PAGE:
The Tactics Settings page
As a manager, you'll be tasked with choosing the best tactics for your team, from choosing the squad, setting the formation, and figuring out the best tactical style for your squad of players.
A formation refers to the shape that your team – your defence, midfield, and attack – sets up in. Choosing from over 20 formations, you are able to change your team's formation from game to game, and even during matches.
Selecting a suitable formation will depend upon your tactical preferences, your opposition, and the kind of players you have at your disposal.
For example, a manager with a more attacking mindset may opt for a 4-3-3 (three attackers), while a more cautious manager may go for a 5-4-1 (five defenders).
All predefined formations include at least three defenders, at least two midfielders, and at least one attacker - as well as a mandatory goalkeeper. In the future, there will be scope to create your own formations.
Different formations motivate different styles of play, and the possibility to use alternative formations encourages you to experiment using novel combinations of players and resting tired players.
When setting your tactics, a key part is choosing where to position your players. Given your players' skillsets it's important to ensure they're playing in roles that align with their strengths.
We use colours to distinguish when players are positioned well or when they could be more suited to a different position. These colours reflect how much worse their performance will be than if they were in their best position. These ratings are in terms of Elo ratings - an explanation of Elo ratings is in the condition section.
You can instruct your squad to focus on a particular playing style: ultra defensive, defensive, balanced, attacking, and ultra attacking.
Defensive playing styles conserve energy and reduce the chances of conceding, but they also reduce your chances of scoring.
Attacking playing styles have a greater negative impact on condition and increase your chances of scoring, but they also increase your chances of conceding.
Every team requires a captain, someone whose energy inspires and helps raise the team to their optimal performance.
In Footium, a captain with strong leadership qualities is able to increase the team's morale, which will have a positive impact on performance.
You are able to select a different captain every game, which is useful if you want to give your first-choice captain a rest.
In addition to picking your starting eleven, you will also be able to select up to seven substitutes for your bench.
You are able to make up to three substitutions per match. These substitutions can be made at any point during the match, and can be made on separate occasions or all at once.
Broadly speaking, there are three main reasons to make a substitution:
- Condition: The more minutes a player plays, the more fatigued they will become. Bringing on a pair of fresh legs can energise your team, while giving the substituted player a chance to recover. In the current version of the beta there are no injuries, but these will be added in the full release. Having lower condition increases the chance of injuries.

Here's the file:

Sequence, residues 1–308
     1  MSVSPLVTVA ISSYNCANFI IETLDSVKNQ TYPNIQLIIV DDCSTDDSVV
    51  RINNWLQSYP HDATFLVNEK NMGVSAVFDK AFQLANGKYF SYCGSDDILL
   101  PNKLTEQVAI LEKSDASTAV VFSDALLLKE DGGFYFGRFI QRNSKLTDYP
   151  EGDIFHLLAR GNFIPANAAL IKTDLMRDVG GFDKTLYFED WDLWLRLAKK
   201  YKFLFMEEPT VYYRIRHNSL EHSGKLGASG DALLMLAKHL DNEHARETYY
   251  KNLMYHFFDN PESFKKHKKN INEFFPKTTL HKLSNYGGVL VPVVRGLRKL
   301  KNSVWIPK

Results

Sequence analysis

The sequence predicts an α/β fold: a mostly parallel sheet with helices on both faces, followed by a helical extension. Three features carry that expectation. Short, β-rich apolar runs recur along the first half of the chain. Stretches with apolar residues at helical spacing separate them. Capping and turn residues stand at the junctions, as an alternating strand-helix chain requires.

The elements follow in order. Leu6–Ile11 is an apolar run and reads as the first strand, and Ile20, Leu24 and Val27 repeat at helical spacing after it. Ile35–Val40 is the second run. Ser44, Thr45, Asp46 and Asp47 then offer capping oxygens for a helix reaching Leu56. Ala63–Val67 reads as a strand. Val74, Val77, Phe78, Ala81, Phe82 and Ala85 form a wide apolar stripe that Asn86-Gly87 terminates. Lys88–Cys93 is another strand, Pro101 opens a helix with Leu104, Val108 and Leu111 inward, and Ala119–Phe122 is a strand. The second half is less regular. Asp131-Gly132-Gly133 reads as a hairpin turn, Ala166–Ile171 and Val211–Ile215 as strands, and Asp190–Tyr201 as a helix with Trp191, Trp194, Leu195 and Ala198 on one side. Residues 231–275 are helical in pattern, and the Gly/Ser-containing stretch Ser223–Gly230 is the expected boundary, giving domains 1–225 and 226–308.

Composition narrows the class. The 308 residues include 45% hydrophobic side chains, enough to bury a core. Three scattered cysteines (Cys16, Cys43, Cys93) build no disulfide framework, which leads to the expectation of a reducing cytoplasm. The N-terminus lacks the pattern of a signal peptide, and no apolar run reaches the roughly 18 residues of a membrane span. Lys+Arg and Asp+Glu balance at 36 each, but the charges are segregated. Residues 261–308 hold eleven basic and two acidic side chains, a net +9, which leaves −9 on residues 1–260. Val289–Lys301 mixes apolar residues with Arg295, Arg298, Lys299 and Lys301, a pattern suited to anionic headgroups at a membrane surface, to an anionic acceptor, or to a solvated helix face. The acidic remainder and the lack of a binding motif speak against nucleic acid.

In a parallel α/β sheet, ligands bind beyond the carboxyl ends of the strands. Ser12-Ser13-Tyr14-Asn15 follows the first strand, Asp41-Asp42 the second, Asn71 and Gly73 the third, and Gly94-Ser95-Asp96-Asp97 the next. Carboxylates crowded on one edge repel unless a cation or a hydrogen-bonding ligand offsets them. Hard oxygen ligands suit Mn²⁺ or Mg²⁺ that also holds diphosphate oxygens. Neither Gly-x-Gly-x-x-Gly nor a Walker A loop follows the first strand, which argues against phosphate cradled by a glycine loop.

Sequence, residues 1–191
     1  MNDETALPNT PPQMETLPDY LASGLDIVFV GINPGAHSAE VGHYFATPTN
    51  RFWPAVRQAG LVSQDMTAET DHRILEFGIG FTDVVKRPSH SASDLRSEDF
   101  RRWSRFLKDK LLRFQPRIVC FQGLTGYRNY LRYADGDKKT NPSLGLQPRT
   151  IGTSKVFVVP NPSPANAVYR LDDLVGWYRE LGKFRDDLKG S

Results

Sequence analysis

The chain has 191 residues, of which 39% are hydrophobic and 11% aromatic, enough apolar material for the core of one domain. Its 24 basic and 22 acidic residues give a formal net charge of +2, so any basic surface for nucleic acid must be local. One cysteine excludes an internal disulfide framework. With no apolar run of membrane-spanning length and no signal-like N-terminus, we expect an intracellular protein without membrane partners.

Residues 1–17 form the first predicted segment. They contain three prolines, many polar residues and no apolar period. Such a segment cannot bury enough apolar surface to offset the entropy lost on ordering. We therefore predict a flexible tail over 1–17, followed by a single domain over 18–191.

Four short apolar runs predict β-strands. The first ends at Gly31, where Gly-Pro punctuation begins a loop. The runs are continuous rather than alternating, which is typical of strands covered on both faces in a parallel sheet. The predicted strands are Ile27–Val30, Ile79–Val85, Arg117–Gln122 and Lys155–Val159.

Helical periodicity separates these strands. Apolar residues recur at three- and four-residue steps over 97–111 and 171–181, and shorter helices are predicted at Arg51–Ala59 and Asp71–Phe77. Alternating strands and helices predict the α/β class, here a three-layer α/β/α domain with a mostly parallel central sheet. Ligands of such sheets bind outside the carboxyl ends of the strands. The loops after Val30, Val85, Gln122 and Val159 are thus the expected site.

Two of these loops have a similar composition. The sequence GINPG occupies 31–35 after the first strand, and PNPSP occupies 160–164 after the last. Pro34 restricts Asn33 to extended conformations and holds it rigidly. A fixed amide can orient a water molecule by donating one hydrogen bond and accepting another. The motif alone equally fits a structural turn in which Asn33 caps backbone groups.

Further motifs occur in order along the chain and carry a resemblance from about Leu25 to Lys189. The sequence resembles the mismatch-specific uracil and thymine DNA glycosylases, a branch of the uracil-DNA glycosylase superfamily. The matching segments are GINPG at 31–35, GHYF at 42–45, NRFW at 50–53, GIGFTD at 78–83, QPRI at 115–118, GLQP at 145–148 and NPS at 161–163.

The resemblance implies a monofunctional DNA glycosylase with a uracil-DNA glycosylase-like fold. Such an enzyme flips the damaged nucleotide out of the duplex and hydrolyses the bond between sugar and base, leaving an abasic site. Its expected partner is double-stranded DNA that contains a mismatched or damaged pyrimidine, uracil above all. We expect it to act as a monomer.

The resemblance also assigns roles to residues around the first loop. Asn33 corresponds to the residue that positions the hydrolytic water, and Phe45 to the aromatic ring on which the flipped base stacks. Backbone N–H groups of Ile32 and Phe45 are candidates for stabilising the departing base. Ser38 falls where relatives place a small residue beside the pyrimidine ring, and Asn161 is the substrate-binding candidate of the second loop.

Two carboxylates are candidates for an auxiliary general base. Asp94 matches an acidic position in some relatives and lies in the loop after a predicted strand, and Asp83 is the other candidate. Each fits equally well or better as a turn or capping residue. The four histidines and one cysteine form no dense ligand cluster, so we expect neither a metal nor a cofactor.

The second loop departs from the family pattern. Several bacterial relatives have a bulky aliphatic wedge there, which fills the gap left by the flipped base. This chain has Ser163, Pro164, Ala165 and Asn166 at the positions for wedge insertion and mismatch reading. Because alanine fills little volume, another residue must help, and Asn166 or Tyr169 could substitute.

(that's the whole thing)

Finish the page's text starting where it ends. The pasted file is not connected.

- Tactical: If you want to change your formation, you can bring on a player that better suits your new formation. This is particularly useful when chasing a game or when protecting a lead (also useful for when you need to hook your striker off the pitch because they keep missing sitters!)
- Experience: Giving players game time helps them improve faster. If you have a comfortable lead with time running out, you may want to give some of your youngsters or fringe players a run-out.
In addition to selecting your team's overall playing style, you will be able to have even greater control over your team's tactics by toggling six advanced defensive and attacking tactical options on a scale of 1 to 10: Depth, Compactness, Pressing, Width, Fluidity, and Directness. Even more advanced tactics will be added post-launch, to increase a manager's scope to customise their tactics. Will you be the godfather of gegenpressing, play hoof ball or deploy a classic counter-attacking style?
- Depth: Depth refers to how far back you want your defensive line to be. A deeper defensive line is harder to penetrate but does allow for more of the ball to be played in your half. A higher defensive line can be risky as it leaves you more vulnerable to attacking runs.
- Compactness: A more compact defense means there are fewer gaps to penetrate, but does leave the backline more exposed on the wings. A less compact defense covers more of the field but is at risk of leaving gaps.
- Pressing: Pressing is when pressure is applied to the attacking player in possession. Although this increases the chance of a turnover, it does have a greater impact on your players' condition. Furthermore, if the attacking team does beat a high press, your defence may be left exposed.
- Width: Width refers to how wide you want your players to play. Greater width is good for teams with an attacking emphasis on wing play and crossing.
- Fluidity: Greater fluidity means your team will move around more outside of their defined positions. This is useful for creating complex attacking moves but can also leave your team exposed in certain areas as they vacate space.
- Directness: Directness refers to the build-up (or lack thereof) in your attacking play. Greater directness will mean more balls over the top directly to your attacking players and is more suited to target man forwards. On 1 directness your team will play tiki-taka football up the pitch.